He judged them proper to assail the works;

At which your wise men sneerd, in phrases witty: Is roll the waters to the breathing wind, Or roams the herd beneath the bull's protection ;

He made no answer; but he took the city. Ir as a little dog will lead the blind,

LIV. Or a bell-wether form the flock's connection tinkling sounds, when they go forth to victual;

Most things were in this posture on the eve sach is the sway of your great men o'er little.

of the assault, and all the camp was in

A stern repose ; which you would scarce conceive : XLIX.

Yet men resolved to dash through thick and thin the whole camp rung with joy; you would have thought Are very silent when they once believe That they were going to a marriage-feast

That all is settled :--there was little din, This metaphor, I think, holds good as aught,

For some were thinking of their home and friends, Since there is discord after both, at least): And others of themselves and latter ends. there was not now a laggage-boy but sought

Danger and spoil with ardour much increased ;(2) Lad why? because a little-odd-old man,

Suwarrow chiefly was on the alert, tript to his shirt, was come to lead the van.

Surveying, drilling, ordering, jesting, pondering; For the man was, we safely may assert,

A thing to wonder at beyond most wondering; lut so it was; and every preparation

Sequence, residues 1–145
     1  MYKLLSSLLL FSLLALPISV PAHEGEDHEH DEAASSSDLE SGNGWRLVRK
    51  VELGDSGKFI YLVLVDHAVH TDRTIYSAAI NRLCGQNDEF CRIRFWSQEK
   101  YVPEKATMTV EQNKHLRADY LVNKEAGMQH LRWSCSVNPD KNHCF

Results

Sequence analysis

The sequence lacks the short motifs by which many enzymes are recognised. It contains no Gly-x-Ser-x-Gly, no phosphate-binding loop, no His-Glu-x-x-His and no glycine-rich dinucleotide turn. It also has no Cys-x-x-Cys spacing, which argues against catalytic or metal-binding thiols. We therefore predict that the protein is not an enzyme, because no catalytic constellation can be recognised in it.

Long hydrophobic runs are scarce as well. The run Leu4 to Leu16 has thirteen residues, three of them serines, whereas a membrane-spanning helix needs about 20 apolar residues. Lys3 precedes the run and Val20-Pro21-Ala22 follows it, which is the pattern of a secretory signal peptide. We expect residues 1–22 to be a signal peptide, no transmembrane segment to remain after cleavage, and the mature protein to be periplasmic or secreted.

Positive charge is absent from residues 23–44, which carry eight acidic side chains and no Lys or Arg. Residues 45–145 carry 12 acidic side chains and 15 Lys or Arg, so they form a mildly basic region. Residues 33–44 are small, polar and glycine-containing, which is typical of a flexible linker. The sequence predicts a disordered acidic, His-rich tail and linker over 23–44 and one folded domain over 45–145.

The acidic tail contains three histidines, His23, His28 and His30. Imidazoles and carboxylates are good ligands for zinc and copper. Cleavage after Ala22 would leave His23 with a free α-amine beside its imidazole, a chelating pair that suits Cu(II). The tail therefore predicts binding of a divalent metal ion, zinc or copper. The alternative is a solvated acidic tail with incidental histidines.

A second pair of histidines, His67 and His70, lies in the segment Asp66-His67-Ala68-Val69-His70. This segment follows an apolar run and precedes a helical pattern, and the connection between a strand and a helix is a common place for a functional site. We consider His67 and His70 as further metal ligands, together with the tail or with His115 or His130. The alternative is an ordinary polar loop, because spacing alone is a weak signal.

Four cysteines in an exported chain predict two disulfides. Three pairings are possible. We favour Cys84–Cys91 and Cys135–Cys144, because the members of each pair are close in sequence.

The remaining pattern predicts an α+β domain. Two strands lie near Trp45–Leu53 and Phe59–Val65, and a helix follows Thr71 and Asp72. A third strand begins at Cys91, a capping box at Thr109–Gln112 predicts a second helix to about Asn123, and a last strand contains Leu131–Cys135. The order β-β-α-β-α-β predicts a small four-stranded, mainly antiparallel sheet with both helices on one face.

Hero, buffoon, half-demon, and half-dirt, Was made with all alacrity: the first

Praying, instructing, desolating, plundering; letachment of three columns took its station, Now Mars, now Momus; and, when bent to storm And waited but the signal's voice to burst

A fortress, Harlequin in uniform.

LV.

L.

(1) "Les succès multipliés de Souwarow, sa bravoure à ... trois autres colonnes, destinées à la seconde attaque, ute épreuve, la confidence que le soldat avait en lui, pro avaient pour chefs, etc.... la troisième attaque par eau n'a. isirent un enthousiasme général: une salve des batteries vait que deux colonnes.” Ibid. p. 207.-L. E. camp et de la flotte célébrèrent son arrivée, et l'espoir (4) “On construisit de nouvelles batteries le 18. On tint succès ranima les esprits. Les choses prennent le même un conseil de guerre, on y examina les plans pour l'assaut; Ir une antre tournure ; le camp se rapproche et s'établit ils réunirent tous les suffrages.” Ibid, p. 208.-L. E. a portée du canon de la place; on prépare des fascines, (5) Fact: Suwaroff did this in person. construit des échelles, on établit des batteries nouvelles." (6) "Le 19 et le 20, Souwarow exerça les soldats; il leur lat. de la Nouvelle Russie, t. ii. p. 206.-L. E.

montra comment il fallait s'y prendre pour escalader; il en (2) "L'ardeur de Souwarow, son incroyable activité, son seigna aux recrues la manière de donner le coup de baion: pris des dangers, sa presque certitude de réussir, son âme nette.” Hist. de la N. R. t. ii. p. 208.-L.E. in s'est communiquée à l'armée ; il n'est pas jusqu'au (7) “Pour ces exercices d'un nouveau genre, il se servit maier goujat qui ne désire d'obtenir l'honneur de monter | de fascines disposées de manière à représenter un Turc." 'assaut." -L.E.

Ibid.-L. E. (3) " La première attaque était composée de trois colonnes